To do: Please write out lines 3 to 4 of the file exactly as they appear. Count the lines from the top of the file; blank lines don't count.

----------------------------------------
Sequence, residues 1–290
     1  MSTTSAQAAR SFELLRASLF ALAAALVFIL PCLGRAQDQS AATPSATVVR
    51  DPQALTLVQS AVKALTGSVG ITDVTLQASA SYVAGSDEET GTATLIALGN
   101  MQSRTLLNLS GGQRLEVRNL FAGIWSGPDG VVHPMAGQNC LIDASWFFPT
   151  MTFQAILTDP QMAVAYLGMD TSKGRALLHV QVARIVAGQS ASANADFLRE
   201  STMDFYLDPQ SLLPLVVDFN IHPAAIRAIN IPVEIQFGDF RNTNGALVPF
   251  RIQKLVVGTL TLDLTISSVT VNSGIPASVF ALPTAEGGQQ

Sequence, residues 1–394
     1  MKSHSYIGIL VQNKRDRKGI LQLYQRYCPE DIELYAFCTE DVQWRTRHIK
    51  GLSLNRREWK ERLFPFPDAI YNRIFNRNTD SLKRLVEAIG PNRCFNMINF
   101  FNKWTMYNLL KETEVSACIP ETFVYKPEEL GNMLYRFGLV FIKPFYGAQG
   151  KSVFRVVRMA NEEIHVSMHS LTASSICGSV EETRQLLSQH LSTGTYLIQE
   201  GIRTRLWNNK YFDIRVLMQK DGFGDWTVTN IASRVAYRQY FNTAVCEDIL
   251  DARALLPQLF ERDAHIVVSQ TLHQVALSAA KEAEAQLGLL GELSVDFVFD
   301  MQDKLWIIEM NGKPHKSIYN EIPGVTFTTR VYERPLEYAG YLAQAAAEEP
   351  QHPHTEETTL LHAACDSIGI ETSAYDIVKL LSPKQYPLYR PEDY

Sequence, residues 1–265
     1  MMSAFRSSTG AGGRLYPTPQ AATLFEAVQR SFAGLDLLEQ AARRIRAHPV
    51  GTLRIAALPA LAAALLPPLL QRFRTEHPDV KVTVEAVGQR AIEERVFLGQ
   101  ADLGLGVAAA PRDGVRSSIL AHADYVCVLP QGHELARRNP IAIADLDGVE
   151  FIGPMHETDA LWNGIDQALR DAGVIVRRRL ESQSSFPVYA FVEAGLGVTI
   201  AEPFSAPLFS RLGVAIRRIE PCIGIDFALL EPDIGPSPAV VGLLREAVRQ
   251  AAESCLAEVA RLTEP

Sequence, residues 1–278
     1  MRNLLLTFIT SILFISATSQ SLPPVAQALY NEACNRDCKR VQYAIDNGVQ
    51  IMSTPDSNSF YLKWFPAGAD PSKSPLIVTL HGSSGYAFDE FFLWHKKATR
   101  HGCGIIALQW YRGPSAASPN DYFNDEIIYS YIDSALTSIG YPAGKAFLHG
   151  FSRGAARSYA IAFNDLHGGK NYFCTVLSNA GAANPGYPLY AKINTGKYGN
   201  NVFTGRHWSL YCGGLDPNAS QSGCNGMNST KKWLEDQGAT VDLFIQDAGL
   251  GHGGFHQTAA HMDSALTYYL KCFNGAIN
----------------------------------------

    51  DPQALTLVQS AVKALTGSVG ITDVTLQASA SYVAGSDEET GTATLIALGN
   101  MQSRTLLNLS GGQRLEVRNL FAGIWSGPDG VVHPMAGQNC LIDASWFFPT